After a solid month in April, mortgage lending activity dialed back a little in May, with the investor part of the market feeling the pinch. Indeed, owner-occupiers remain the key players in the mortgage market, and in particular first home buyers. That is consistent with the message from the CoreLogic Buyer Classification data. Meanwhile, lending standards remain high – the LVR speed limits for owner-occupiers are not being tested and mortgage repayment problems are very low.
CoreLogic Senior Property Economist Kelvin Davidson writes:
The strength of mortgage lending in April fell away a bit in May, today’s figures from the Reserve Bank (RBNZ) show. Gross new lending in May was $6.47bn, down by about $120m from the same month last year. Again, owner-occupiers have borrowed more year-on-year (up by about $300m), but investor lending remains much more subdued (see the first chart).
The CoreLogic Buyer Classification data also shows something of a divergence between owner-occupiers and investors around the country – i.e. in Auckland, Hamilton, Christchurch, and Dunedin, first home buyers (FHBs) have recently had higher % shares of property purchases than mortgaged investors; something that hasn’t really been seen before, or at least not for several years.
Other detail in the RBNZ’s release shows that average loan sizes for investors are fairly stable, at the $340-350k mark. However, loans to FHBs are getting steadily bigger (see the second chart). FHBs with less than a 20% deposit borrowed $473,373 on average in May, up by close to $25,000 from a year ago (although note that total lending to low deposit, or high LVR, FHBs in May of $480m was only 7.5% of overall activity). FHBs with higher deposits had an average loan size in May of about $384,000, pretty much unchanged from a year earlier.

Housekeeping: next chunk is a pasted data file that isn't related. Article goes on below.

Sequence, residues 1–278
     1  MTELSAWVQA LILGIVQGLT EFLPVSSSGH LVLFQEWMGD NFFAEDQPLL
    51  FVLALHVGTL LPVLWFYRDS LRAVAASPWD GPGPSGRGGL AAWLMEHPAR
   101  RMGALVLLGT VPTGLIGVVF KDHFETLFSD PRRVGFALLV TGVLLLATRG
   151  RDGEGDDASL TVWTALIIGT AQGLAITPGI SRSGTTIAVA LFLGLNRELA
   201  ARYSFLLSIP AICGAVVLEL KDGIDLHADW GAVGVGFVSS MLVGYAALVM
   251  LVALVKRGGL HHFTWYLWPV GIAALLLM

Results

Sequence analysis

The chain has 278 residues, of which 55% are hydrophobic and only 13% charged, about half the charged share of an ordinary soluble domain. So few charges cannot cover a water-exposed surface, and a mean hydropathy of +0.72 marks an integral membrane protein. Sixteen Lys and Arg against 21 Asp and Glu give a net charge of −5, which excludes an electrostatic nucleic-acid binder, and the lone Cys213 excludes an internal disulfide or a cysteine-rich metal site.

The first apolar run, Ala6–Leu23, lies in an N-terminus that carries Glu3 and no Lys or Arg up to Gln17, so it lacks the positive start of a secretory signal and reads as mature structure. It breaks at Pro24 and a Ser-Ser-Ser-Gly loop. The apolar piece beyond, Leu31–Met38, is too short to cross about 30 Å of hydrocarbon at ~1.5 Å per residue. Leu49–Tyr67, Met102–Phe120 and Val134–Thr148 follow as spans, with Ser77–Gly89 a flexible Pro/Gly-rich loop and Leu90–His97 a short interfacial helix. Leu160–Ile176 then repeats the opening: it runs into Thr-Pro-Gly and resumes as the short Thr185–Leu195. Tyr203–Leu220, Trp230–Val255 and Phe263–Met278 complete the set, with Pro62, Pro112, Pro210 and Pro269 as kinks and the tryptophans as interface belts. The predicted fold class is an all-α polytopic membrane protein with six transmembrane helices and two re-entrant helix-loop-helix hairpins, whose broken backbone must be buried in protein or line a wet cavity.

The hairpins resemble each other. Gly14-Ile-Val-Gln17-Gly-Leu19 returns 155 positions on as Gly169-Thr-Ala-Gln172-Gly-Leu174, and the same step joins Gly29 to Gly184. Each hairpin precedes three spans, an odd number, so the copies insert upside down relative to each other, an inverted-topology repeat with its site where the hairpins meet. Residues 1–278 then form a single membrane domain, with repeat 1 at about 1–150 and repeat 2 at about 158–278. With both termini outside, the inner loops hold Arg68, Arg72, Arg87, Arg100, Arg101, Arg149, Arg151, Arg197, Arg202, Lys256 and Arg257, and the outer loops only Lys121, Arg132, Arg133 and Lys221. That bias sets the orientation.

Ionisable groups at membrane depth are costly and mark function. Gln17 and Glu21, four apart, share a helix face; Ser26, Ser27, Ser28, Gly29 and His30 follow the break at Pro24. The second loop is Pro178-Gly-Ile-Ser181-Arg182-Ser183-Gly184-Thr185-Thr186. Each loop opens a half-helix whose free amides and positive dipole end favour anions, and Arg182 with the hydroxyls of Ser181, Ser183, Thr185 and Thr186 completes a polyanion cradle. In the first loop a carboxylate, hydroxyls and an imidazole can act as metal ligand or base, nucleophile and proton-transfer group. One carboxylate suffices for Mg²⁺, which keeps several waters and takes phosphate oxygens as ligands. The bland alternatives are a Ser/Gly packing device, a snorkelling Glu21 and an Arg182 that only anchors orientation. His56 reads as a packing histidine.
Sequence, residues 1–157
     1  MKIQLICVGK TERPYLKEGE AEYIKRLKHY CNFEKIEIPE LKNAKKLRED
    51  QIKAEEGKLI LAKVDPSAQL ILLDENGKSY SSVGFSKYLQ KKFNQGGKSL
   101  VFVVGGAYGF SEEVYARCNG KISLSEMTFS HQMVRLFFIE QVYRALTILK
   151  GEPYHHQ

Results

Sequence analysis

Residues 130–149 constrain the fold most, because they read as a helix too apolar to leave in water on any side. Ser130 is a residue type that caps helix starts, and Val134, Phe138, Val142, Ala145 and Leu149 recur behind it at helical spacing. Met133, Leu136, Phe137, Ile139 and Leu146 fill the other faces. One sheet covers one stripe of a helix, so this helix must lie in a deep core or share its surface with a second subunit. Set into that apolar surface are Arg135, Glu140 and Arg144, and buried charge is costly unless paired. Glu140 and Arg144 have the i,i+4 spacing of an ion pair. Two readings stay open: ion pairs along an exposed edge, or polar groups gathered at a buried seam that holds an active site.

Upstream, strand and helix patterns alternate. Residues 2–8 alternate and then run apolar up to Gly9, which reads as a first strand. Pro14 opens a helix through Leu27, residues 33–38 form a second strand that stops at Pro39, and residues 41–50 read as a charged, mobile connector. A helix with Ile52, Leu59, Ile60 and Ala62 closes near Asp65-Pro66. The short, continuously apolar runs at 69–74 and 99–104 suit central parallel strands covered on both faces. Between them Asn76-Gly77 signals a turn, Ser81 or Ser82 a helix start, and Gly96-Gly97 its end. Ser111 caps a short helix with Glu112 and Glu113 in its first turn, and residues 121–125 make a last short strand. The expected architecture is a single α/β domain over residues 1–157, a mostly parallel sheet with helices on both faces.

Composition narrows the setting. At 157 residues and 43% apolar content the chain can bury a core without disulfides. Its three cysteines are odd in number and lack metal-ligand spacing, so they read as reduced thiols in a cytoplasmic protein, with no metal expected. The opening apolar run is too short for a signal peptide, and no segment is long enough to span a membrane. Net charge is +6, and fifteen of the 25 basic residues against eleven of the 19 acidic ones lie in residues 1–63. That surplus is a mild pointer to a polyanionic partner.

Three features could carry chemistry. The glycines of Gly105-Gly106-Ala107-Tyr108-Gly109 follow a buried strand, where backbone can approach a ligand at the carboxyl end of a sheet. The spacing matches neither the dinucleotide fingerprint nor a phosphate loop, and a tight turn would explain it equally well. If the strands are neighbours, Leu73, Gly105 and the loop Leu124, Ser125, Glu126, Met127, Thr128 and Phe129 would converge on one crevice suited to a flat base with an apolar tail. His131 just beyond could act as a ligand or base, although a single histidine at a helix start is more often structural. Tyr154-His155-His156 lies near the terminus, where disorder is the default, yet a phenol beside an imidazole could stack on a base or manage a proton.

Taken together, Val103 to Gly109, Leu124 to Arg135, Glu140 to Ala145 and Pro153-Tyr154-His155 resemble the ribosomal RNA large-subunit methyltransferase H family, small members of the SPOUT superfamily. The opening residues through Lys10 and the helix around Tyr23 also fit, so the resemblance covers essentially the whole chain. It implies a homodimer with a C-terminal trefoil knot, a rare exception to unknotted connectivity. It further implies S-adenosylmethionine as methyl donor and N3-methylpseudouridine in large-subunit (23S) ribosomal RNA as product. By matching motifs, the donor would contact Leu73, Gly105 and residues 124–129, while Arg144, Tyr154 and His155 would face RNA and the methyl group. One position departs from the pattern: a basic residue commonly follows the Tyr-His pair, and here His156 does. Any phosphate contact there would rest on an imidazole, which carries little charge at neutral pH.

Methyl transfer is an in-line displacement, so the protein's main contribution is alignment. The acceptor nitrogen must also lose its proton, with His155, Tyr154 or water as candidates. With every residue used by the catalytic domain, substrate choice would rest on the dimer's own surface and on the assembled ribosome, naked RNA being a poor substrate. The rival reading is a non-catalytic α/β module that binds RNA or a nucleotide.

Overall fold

Meanwhile, the share of lending to owner-occupiers at >80% LVR increased in May, but not by much – only edging up from 12.6% in April to 12.9% (see the third chart). Rather than interpreting the big gap between the 20% speed limit and what’s actually happening as a sign of the high LVR lending cap not being binding/required, some anecdotes we’ve heard suggest that the banks like to stick to a 5% buffer below the speed limit, as a form of insurance. If that’s right, then the effective speed limit is actually 15% and owner-occupier lending activity is in fact creeping closer to it.
For investors, by contrast, the speed limit may already be biting quite hard. Although the first results of lending activity at the new deposit requirement (at least 30%) for investors isn’t due until the next mortgage lending release on 24th July, the fact that lending to this group has been so subdued lately suggests that the 5% speed limit is having a real effect – after all, banks keeping a 5% buffer would suggest that almost no high LVR loans are available to investors at present (even though the scrapping of proposed capital gains tax on 17th April has probably meant that more investors would like to get a loan if they could).
Looking ahead, we’ve already had one cut in the official cash rate and yesterday’s statement from the RBNZ strongly suggested that there’ll be another cut in August (and potentially November too). In addition, there’s a good chance that the LVR rules will be relaxed again in November. However, with the banks likely to have to start boosting their capital reserves from April next year, ‘restraint’ will be the order of the day. Indeed, prudent lending behaviour from the banks was in evidence in the latest Financial Strength Dashboard from the RBNZ, showing that non-performing loan ratios for all of the major lenders are comfortably less than 1% (see the fourth chart). In other words, mortgage repayment problems are very low in NZ, which partly reflects the stringent tests that prospective borrowers have to pass to get a loan in the first place.